Cauchy's Theorem for a disc

The purpose of this section is to prove the following basic version of Cauchy's Theorem:


Theorem (3)

Let be a disc, and let be holomorphic (i.e. complex-differentiable). Then for every closed curve ,

 


We shall reduce this, via the fundamental theorem of calculus, to the corresponding result for triangles.


Definition (3)

If , are complex numbers we denote by the curve

 


Less formally, is the line segment joining to in traversed from to .


Definition (4)

A triangle with vertices is the set of all points of the form

The is the sum of the segments , thought of as a piecewise curve. As part of the definition, we assume the points ordered so that this sum of curves traverses the boundary of in an direction.

 


Remark (5)

The fact that we have written means that the have to be real. (There is no order relation on complex numbers.)

Combinations of the form with the and summing to are called of the . The set of all convex combinations of a set of points is called the convex hull of the set of points. We have defined to be the convex hull of three points in the complex plane. We could equivalently have defined as the intersection of three closed half-spaces whose boundaries are the lines containing the segments , and . Draw some pictures.

Our definition includes infinitely thin triangles in which lie on a single line. In this case, the issue about the ordering of the points to ensure the boundary of the triangle is traversed anti-clockwise does not arise. is ignored.

 


Definition (6)

If is an open set of , we say that a triangle is contained in if .

 


Remark (7)

The triangle with vertices is not contained in the unit disc because the vertex is not in ...even though every other point of this triangle lie in .

 


The following result is often called the Cauchy--Goursat Theorem, or 'Cauchy's Theorem for triangles'.


Proposition (8)

Let be an open subset of and be holomorphic. Let be any triangle contained in . Then

 


Proof

This is an ingenious argument by subdivision, variants of which are useful in other more advanced areas of analysis. Let

Subdivide into subtriangles with vertices the original vertices of and the mid-points of its sides. The integral over is the sum of the integrals over the boundaries of these subtriangles, because the contributions from the edges which join any two of the mid-points of cancel.

If the absolute values of these integrals are , then we have by the triangle inequality

so it is not possible that of the s are . It follows that one of the s (at least) is . Denote the corresponding quarter-sized triangle by and define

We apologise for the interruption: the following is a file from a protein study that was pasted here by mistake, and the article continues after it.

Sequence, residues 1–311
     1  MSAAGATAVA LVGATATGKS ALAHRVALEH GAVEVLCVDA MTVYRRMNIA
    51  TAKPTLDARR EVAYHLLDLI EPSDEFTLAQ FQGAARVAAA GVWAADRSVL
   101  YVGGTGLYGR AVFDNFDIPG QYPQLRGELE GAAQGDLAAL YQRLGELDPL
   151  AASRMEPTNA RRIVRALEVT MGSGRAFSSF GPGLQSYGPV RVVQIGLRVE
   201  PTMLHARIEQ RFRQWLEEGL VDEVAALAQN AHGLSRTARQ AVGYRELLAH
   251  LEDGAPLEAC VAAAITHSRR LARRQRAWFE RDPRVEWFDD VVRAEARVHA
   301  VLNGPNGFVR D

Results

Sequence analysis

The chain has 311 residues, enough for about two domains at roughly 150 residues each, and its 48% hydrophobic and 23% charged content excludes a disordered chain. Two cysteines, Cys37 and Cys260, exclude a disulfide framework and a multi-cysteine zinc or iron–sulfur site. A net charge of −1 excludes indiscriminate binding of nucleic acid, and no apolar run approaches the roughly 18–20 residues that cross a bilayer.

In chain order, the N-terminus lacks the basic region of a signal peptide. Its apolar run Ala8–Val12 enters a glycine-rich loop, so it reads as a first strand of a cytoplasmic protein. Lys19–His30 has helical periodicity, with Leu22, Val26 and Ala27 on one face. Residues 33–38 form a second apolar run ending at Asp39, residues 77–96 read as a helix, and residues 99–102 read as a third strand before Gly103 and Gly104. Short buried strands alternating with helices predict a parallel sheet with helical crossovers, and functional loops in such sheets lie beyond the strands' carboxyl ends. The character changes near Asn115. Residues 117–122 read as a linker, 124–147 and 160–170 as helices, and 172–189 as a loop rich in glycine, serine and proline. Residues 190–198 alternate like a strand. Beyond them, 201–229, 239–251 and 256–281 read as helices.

(If there is more than one such quarter-sized triangle, pick one at random.)

Now we iterate. That is, by dividing into quarters in the same way as we did , we find a triangle one-sixteenth the size of the and such that

Proceeding in this way, we obtain a sequence of triangles
such that
By construction, moreover,

We claim next that is a single point , say. The intersection cannot consist of more than one point. For the distance between any two points and of is certainly bounded by the length of the boundary of . If were in the intersection of all the , then and we have a contradiction to as soon as .

To see that the intersection is non-empty, pick at random. Then by essentially the same observation as above, is a Cauchy sequence. For if , so . So as . The limit lies in the intersection because for all , so since is closed. Since this is true for any , .

We haven't yet used the complex-differentiability of , so this is what we do now, to show finally that . Given , there exists so that

(Here of course is assumed so small that .) We use this to estimate . By previous results
Hence, using
This supremum is and so all together we have
provided that is so large that (which eventually happens for any ). Combining with

 the factors  on each side cancel, leaving

us with . Since can be taken arbitrarily small (and is independent of , of course) it follows that as was required.

 


Corollary (9)

Let be holomorphic, where is a disc. Let be any (piecewise ) curve in . Then

 



Proof

Let be the centre of the disc, and for , define

in other words, we integrate along the line segment joining the centre of to the variable point . We see that knowing

 for every triangle in  is enough to prove that

in . And we have seen that in this case, the integral of around any closed curve is zero.

 


Remark (10)

There are much more general versions of Cauchy's Theorem, where is replaced by a more general domain . In this case, there needs to be a condition on the closed curve . Indeed, if , then is holomorphic in , but

(where the notation is shorthand for the unit circle traversed once in the anticlockwise direction). The difficulties are essentially topological---we shall discuss some generalizations (though not the most general version) later.

 


Remark (11)

All that was needed in the proof of Corollary~ was that we could joint every point in to a given point . This is true in more general sets than . For example in the cut plane

every point of can be joined to the point . This will be useful later[1].

 
  1. Open sets with this property are sometimes called 'starlike'.
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